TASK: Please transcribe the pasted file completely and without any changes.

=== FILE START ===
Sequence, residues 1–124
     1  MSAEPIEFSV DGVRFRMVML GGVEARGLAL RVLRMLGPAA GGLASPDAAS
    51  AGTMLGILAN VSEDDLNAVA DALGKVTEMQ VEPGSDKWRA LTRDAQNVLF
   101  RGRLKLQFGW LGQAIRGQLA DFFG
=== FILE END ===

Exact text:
Sequence, residues 1–124
     1  MSAEPIEFSV DGVRFRMVML GGVEARGLAL RVLRMLGPAA GGLASPDAAS
    51  AGTMLGILAN VSEDDLNAVA DALGKVTEMQ VEPGSDKWRA LTRDAQNVLF
   101  RGRLKLQFGW LGQAIRGQLA DFFG